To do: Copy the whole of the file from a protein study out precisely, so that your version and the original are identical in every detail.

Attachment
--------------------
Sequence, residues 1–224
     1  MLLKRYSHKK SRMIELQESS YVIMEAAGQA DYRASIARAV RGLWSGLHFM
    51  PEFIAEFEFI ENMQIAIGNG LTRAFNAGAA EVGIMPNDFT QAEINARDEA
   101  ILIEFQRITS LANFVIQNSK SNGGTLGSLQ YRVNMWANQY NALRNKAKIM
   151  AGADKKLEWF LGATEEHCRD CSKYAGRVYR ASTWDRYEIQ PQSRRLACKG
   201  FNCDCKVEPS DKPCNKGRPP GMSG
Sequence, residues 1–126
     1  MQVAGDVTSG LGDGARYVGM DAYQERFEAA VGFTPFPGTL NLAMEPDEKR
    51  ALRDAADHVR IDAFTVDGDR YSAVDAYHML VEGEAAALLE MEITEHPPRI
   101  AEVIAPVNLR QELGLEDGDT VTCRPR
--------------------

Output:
Sequence, residues 1–224
     1  MLLKRYSHKK SRMIELQESS YVIMEAAGQA DYRASIARAV RGLWSGLHFM
    51  PEFIAEFEFI ENMQIAIGNG LTRAFNAGAA EVGIMPNDFT QAEINARDEA
   101  ILIEFQRITS LANFVIQNSK SNGGTLGSLQ YRVNMWANQY NALRNKAKIM
   151  AGADKKLEWF LGATEEHCRD CSKYAGRVYR ASTWDRYEIQ PQSRRLACKG
   201  FNCDCKVEPS DKPCNKGRPP GMSG
Sequence, residues 1–126
     1  MQVAGDVTSG LGDGARYVGM DAYQERFEAA VGFTPFPGTL NLAMEPDEKR
    51  ALRDAADHVR IDAFTVDGDR YSAVDAYHML VEGEAAALLE MEITEHPPRI
   101  AEVIAPVNLR QELGLEDGDT VTCRPR